Been meaning to contribute my thoughts to this subject for some time, but wasn't sure there was an appropriate thread on which to post. After reading everybody's thoughts on the matter, I think every comment on this thread has relevance to this unique phenomena, and I thought I'd chime in as well. My comments will be limited to those changes that take place within dough systems (internal factors) versus those from external influences (such as air temperature or moisture content during baking, etc.).
Browning in dough-related products comes either from direct caramelisation of residual sugars or from non-enzymatic Maillard reactions produced under thermal degradation, as Omid has rightly pointed out. Even more astutely, scott123 writes leoparding is, "[a]t it's simplest . . . just uneven browning. Longer fermentation times are residual sugar generators and sugar accelerates browning. The more sugar you have, the faster browning occurs, the more likelihood of leoparding."
To add further to the above, longer fermentation times, although an indirect agent of leoparding, are not the direct cause, and not because they generate residual sugars, per se, as yeast can easily remove 95% of glucides in a dough system, which are among the most prevalent reducing sugars for pyrolytic-based browning (caramelisation), along with maltose (which is also substantially removed from doughs during elongated fermentations). This removal of the most prevalent sugars in a dough leads to a nice pale canvas on which the leopard spots can appear.
The uneven browning scott123 refers to has to do with selected increased browning, due to abundant amino acids left in a dough system; hence, the selected unevenness of the browning. Longer fermentations increase Maillard reactions because they lead to a larger window for wheat's native proteases to release abundant amino acids. A similar effect could be achieved through prolonged autolysis (10 - 16 hours) and without the need for longer fermentations, though there may be more residual reducing sugars that contribute to the overall browning of the dough if the inoculant is not increased. This is not to say reducing sugars do not play a role, as the sugars resultant from longer fermentations and/or of doughs with a high amount of prefermented flour lead to the characteristic dark spots as well. In fact, many of these sugars (like arabinose, ribose or xylose) generate darker spots than do glucose or maltose when combined with amino acids, although they occur in much smaller amounts.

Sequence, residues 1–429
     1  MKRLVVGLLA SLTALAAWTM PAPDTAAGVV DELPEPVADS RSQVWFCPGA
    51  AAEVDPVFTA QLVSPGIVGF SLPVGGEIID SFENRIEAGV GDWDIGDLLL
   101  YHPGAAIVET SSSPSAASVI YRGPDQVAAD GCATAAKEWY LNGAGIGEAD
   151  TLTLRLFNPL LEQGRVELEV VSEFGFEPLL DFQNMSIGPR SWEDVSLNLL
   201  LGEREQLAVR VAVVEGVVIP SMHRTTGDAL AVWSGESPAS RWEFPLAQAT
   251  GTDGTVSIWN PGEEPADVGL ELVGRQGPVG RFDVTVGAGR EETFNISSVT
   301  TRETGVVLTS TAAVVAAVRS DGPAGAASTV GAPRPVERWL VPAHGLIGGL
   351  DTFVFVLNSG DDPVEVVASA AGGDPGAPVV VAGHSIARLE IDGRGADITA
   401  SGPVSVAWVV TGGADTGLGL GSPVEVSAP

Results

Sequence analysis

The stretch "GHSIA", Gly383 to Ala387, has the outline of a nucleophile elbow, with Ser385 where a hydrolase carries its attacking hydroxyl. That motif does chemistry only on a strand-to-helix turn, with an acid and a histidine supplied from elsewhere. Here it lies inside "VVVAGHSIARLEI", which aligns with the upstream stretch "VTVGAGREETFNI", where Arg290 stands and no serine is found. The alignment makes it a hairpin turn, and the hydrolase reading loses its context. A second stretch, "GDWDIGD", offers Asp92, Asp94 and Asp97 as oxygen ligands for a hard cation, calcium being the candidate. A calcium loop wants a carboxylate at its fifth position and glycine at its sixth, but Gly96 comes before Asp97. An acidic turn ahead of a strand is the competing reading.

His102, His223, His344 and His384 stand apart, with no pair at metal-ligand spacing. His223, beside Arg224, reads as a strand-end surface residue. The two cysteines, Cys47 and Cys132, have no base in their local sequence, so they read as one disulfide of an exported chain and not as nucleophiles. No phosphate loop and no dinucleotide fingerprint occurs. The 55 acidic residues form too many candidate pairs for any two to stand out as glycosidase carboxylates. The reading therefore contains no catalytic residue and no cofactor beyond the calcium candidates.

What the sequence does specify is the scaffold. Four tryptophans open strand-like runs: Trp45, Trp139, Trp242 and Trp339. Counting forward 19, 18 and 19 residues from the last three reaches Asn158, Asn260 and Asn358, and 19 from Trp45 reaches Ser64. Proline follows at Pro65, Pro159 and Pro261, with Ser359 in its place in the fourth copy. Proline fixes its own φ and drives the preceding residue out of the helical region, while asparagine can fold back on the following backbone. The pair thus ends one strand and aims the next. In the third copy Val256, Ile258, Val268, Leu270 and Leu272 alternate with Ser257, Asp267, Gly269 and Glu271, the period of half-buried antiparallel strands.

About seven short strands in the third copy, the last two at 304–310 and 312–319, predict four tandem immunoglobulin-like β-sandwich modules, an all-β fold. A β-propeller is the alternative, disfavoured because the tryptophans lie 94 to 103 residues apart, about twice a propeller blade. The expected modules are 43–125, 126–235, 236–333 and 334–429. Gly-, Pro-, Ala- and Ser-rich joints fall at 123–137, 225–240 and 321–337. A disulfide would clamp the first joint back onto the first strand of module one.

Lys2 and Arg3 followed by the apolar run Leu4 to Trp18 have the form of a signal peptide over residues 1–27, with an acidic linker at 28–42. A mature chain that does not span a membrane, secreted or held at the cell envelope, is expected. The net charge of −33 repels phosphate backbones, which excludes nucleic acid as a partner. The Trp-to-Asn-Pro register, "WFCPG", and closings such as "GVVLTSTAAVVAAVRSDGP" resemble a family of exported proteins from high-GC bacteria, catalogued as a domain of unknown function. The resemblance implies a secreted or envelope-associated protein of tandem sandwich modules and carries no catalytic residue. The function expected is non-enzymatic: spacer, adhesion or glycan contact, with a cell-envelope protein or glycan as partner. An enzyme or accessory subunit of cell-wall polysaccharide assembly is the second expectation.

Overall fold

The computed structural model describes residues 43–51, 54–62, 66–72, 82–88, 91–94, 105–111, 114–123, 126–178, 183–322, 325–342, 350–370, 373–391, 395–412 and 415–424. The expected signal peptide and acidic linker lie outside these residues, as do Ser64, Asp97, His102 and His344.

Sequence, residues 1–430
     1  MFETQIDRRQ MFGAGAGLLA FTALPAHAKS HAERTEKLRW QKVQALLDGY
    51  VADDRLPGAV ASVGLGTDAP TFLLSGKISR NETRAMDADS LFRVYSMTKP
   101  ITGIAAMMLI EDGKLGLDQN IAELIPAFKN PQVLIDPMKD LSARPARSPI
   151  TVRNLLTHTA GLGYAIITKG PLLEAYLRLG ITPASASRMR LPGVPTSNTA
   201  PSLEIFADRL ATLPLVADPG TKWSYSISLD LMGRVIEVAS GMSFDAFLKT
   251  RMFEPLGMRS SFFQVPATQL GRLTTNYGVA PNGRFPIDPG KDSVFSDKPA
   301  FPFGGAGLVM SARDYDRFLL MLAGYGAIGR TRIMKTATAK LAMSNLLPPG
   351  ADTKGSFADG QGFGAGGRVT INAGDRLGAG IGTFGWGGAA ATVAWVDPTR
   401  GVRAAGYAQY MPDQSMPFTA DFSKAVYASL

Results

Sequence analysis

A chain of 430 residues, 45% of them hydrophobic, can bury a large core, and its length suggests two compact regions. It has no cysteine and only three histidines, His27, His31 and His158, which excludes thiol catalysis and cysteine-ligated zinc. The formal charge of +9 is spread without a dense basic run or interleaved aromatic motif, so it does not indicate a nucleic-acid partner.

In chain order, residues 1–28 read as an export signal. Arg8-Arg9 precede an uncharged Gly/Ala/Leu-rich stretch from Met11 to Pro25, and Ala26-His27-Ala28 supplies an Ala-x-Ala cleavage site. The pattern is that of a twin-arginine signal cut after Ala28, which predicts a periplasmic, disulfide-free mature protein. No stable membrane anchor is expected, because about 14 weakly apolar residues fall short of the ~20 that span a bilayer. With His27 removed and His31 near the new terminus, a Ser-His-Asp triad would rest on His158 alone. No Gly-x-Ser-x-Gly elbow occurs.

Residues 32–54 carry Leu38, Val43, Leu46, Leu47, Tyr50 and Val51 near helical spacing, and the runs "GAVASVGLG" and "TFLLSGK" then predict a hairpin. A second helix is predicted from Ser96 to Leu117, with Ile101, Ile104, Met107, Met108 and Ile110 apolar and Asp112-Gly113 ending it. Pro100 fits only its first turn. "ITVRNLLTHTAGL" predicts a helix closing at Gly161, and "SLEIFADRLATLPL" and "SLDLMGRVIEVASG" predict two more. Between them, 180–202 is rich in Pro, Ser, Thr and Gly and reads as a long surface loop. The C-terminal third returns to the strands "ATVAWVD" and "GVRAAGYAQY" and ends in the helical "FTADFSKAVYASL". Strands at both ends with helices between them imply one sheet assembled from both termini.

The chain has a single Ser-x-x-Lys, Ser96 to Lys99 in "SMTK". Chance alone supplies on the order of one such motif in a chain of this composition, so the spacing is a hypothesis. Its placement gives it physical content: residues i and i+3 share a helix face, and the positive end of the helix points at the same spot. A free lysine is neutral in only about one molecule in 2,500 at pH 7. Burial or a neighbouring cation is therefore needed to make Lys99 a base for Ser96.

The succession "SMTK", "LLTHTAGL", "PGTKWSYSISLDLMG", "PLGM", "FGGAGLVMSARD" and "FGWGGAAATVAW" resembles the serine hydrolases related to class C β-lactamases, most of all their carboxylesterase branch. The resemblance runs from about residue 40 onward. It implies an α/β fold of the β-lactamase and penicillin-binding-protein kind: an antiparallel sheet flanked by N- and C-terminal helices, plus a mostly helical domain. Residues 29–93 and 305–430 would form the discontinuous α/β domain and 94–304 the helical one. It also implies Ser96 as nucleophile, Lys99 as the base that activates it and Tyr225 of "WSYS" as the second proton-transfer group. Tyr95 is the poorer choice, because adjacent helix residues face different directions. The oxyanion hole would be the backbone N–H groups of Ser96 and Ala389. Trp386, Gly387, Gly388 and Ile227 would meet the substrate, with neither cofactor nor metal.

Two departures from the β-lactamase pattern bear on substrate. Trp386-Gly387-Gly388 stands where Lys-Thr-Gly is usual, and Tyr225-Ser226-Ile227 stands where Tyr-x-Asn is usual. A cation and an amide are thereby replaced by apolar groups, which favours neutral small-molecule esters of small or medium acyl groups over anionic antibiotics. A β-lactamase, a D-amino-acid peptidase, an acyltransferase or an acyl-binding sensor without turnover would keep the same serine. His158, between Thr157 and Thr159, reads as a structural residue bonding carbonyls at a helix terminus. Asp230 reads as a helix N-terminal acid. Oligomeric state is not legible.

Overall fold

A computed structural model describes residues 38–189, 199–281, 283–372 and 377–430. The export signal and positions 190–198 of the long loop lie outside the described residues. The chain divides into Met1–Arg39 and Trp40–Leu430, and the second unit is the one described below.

The second major component has to do with the dehydration of a dough ball's exterior, alluded to by f.montoya. bakeshack writes, "A cold fermented dough baked in a very hot WFO will form blistering much easier although they tend to be larger blisters compared to the micro blistering you get from RT fermentation," going on to say it "is very similar to the surface blistering you get from a retarded Tartine loaf . . . During baking, this allows the CO2 gasses to escape up to the surface of the crust and form blisters." Though, he incorrectly states the reason these blisters form ("gluten degradation"), TXCraig1 hits the nail on the head: "I think the second factor is that the dough needs to be developed enough that there is sufficient strength to maintain the bubble past the surface of the dough."
This "sufficient strength" is the result of long fermentations especially when the dough proofs in its final shape, thus allowing for increased surface exposure and a higher degree of moisture loss to the outside environment (especially pronounced under refrigerated conditions). The reason the Tartine (or any long-proved loaves) have blisters is the same reason they have significantly thicker crusts than similar loaves with shorter proofing times: lower water-activity on the surface of the dough at the time of baking. Outwardly migrating moisture is hence trapped by the dough's having developed a thicker skin, with the characteristic blisters forming, protruding like goosebumps that, in a very hot environment, will selectively brown more than an even, lower surface.
In short, less reducing sugars (general dough caramelisation), more amino acids (Maillard browning) and a thicker dough skin (greater rate of blisters formed) are the primary reasons for leoparding from a dough's perspective.